His column today, "No new promises, please," has a message that is relevant to all levels of government as he talks about an 'unsustainable fiscal path':
"We are on this path because past elected officials made unsustainable benefit promises and enshrined them in law. In some cases they paid for those promises in the short run. In all cases they created programs that would grow more generous over time.
Those past elected officials enjoyed the political benefits of creating a new promise, and they shifted the burden of paying for these promises onto their successors and onto future generations of citizens.
... we are those future generations. The bill is coming due. The gap between future spending and taxes is the most important economic problem America faces. If we don’t fix it, we’re screwed."
Sound familiar? It should - this is what Toledo has done.
Even last year, City Council voted in favor of union contracts that provided six months of concessions, but went right back to the old terms as of the January. They got a six-month delay in addressing the city's deficit - but they didn't change the fact that the deficit still had to be addressed.
Of course, waiting that time also made the issue worse.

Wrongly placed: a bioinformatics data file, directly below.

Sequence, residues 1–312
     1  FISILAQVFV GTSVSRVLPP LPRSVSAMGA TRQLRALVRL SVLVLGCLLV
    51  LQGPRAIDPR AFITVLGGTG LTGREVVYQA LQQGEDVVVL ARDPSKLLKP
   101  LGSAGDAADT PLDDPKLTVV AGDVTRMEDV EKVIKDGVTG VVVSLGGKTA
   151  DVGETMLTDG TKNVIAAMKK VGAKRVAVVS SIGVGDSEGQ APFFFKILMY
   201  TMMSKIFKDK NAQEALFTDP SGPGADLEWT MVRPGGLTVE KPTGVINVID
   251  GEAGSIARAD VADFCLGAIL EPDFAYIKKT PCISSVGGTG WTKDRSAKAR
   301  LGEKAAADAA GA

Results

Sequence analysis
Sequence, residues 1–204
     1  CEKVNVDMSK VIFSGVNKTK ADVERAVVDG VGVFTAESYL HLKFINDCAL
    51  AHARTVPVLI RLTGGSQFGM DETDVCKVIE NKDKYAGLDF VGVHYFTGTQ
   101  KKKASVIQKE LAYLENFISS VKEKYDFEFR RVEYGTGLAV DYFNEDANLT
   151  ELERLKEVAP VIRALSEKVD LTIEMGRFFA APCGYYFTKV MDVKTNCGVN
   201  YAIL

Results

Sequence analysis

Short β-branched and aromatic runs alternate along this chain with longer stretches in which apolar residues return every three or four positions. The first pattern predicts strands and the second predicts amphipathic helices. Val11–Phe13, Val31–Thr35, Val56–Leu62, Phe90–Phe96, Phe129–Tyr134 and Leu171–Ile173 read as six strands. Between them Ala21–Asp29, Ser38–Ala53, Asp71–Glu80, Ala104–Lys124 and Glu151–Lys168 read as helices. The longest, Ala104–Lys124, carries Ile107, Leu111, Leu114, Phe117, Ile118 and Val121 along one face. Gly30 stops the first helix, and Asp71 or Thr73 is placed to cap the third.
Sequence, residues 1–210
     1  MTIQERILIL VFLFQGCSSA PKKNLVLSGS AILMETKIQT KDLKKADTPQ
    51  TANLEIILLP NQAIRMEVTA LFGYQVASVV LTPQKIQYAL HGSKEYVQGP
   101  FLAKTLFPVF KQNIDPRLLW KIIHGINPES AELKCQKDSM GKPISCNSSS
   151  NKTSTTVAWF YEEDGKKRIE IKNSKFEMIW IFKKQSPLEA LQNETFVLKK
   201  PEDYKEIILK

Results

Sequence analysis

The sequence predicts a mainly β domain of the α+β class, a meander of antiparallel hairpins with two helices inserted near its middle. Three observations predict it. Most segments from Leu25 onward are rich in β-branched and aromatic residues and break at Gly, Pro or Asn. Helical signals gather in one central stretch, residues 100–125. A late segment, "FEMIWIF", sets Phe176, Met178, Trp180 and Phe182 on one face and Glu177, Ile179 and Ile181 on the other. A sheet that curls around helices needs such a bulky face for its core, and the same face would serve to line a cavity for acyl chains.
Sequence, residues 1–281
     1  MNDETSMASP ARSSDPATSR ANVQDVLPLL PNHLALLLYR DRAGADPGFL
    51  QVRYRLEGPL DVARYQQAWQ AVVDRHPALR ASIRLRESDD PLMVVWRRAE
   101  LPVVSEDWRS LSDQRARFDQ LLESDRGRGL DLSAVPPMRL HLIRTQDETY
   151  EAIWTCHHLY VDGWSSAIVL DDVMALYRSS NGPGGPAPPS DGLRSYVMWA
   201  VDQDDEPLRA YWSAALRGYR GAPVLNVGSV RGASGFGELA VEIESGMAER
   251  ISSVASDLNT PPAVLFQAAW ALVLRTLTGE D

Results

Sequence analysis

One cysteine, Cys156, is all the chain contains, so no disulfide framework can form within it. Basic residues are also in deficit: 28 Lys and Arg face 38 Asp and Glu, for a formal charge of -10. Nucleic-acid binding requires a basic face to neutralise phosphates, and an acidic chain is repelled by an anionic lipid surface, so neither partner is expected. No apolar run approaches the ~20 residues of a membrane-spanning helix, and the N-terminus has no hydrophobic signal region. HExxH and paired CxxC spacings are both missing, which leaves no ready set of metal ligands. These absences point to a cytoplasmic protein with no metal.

Governments cannot continue to grow and expand. I know that employees always want pay increases and don't want to have any cuts in their benefits. But government cannot be immune to what the market is doing - especially when those of us in the market are the ones having to foot the bill. We can't go to our employer and say 'give me more money.' (Well, we can but it won't result in action for the vast majority of us.)
Politicians and elected officials need to understand that the well has run dry and cuts are the only way they're going to be able to regain control of their budgets.
I know there will be people complaining because they're no longer getting their little piece of the pie. But they probably shouldn't have had any of it to begin with, and they're going to have to make do just like the rest of us.
Government needs to shrink back to the point where the expenses stop exceeding the income. And it needs to stop thinking it can always get more income - because it can't, as politicians are learning the hard way.